What do wealthy travelers really want? A new study by Resonance Consulting Group says a little Internet, a lot of beach, and some good food and wine, for starters.
The 2013 Resonance Report released last month surveyed more than 1,200 individuals from households with incomes of $150,000 and higher to measure the travel and leisure preferences and aspirations among this set as labor statistics indicate these affluent households account for almost a third of all domestic spending on lodging and air travel.
The top five hotel amenities desired by affluent travelers are:
1. Internet Access
5. Close to Shopping and Restaurants
Other conveniences that factor into their travel decisions include access to unusual activities and experiences, all-inclusive packaging, a fitness center onsite, walking trails and the tenor of crowd-sourced reviews.
Other key findings of the report include:
• Affluent American households take an average of three vacations a year averaging six days in length.
• Ritz Carlton is the top hotel brand of choice for high net worth households ($1MM+) on vacation.
• Marriott is the most frequented hotel brand of affluent households.
• New York City is the most popular U.S. vacation destination, followed by Las Vegas and San Francisco.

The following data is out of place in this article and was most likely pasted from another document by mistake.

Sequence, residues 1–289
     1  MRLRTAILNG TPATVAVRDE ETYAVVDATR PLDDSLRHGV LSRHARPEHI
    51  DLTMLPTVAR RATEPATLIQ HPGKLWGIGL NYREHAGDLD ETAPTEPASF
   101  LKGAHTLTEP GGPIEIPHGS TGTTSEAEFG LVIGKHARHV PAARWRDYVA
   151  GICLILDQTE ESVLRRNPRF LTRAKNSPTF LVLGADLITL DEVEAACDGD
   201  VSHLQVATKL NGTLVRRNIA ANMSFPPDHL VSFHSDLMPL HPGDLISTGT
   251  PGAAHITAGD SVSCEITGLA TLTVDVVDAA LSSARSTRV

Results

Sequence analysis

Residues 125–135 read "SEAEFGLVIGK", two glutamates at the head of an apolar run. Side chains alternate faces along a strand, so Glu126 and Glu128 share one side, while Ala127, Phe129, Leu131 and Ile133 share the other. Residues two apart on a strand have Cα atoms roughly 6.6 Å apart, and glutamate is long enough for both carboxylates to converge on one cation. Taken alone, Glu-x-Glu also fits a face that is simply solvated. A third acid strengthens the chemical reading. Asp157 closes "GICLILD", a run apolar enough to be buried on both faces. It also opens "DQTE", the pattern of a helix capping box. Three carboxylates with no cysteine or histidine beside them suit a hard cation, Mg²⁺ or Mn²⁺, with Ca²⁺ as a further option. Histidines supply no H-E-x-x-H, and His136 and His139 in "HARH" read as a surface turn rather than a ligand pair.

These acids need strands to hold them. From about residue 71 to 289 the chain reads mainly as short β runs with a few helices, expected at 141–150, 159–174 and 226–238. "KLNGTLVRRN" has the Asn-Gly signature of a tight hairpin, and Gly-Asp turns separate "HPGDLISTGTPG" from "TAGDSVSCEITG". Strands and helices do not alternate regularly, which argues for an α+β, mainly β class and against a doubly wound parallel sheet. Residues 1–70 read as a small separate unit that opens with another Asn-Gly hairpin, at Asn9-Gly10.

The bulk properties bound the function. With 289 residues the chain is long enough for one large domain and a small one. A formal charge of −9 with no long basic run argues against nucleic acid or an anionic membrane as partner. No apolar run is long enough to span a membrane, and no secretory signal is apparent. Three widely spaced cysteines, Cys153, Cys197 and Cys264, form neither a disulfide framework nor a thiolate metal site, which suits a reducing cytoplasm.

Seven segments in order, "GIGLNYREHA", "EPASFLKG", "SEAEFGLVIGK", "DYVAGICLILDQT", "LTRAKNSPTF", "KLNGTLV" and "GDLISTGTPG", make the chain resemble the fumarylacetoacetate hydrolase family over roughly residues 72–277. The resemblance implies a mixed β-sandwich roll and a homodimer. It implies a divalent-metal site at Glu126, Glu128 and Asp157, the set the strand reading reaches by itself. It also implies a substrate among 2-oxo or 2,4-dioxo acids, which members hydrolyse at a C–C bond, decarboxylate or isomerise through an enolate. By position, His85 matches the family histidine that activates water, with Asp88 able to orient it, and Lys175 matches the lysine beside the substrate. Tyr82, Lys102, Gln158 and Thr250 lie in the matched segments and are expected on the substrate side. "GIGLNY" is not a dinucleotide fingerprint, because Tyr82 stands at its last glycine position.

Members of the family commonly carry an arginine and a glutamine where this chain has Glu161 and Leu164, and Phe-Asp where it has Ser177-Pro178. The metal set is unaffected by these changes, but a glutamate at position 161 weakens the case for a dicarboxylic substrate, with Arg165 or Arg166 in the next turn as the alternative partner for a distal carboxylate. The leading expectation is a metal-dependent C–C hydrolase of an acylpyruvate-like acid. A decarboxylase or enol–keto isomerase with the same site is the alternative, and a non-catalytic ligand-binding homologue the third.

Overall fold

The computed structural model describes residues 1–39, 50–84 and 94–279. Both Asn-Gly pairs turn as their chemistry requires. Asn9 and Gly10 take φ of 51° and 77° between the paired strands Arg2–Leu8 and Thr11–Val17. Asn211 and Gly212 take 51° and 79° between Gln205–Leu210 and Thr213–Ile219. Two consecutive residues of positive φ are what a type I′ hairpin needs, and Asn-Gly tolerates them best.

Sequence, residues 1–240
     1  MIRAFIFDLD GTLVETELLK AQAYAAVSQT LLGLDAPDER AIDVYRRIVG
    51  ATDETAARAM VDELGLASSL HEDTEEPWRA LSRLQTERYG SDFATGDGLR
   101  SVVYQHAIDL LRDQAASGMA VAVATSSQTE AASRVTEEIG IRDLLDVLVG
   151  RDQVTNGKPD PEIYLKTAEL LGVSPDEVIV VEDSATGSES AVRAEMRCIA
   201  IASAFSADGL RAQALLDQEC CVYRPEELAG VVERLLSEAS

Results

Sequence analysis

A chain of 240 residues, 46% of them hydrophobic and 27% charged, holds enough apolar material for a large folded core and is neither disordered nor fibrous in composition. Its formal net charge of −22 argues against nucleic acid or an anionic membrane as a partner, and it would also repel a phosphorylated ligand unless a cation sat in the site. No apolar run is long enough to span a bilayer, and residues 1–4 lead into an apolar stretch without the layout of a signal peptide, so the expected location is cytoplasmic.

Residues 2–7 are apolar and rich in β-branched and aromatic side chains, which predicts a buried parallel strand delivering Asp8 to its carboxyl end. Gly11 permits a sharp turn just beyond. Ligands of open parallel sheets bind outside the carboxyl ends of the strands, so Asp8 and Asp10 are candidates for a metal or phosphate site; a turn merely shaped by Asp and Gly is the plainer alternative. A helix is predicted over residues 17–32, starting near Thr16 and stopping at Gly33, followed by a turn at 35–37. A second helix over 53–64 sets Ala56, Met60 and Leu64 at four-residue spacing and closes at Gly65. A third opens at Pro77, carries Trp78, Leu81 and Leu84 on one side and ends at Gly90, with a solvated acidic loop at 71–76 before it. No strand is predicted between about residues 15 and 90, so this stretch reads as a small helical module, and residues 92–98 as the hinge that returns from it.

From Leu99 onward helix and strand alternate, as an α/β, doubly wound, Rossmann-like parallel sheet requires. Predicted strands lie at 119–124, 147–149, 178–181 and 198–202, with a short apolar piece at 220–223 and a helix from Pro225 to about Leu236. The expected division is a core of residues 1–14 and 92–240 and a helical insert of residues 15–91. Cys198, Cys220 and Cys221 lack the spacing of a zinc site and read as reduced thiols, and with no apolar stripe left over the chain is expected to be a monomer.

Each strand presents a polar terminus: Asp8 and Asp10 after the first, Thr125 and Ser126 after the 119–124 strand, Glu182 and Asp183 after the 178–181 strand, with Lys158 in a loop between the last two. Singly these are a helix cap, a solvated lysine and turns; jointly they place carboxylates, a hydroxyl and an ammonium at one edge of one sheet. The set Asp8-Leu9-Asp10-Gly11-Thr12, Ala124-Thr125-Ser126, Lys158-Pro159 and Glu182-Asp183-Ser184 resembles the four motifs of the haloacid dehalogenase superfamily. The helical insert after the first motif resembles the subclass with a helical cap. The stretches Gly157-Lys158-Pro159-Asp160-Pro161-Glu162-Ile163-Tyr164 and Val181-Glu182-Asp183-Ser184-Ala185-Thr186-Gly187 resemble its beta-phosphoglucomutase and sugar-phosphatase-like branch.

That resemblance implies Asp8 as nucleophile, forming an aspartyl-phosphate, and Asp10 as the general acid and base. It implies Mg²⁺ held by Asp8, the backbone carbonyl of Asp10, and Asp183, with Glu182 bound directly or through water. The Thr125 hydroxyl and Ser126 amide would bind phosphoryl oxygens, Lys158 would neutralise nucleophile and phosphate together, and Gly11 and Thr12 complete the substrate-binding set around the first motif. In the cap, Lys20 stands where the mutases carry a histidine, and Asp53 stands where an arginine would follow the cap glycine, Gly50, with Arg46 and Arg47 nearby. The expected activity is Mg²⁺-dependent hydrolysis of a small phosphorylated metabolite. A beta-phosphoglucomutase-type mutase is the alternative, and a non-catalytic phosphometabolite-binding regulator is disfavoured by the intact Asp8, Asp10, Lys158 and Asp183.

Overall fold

• The Bahamas is the most visited island destination, followed by Puerto Rico and Jamaica, while Turks & Caicos is the top destination affluent households aspire to visit.
• Italy is the top overseas vacation destination for affluent households, followed by the U.K. and France.
• Wine country tours and luxury cruises are the most desired type of vacation experiences.
• Affluent owners of vacation properties use them an average of 5 weeks per year.
• Affluent consumers are willing to spend an average of $650,000 on their next vacation property.
“This influential cohort uses its leisure time to explore what’s meaningful for them and for those closest to them,” says Milton Pedraza, CEO of the Luxury Institute. “The affluent consumer is driven by extraordinary experiences, and this study shows clearly the importance of experience for this demanding demographic.”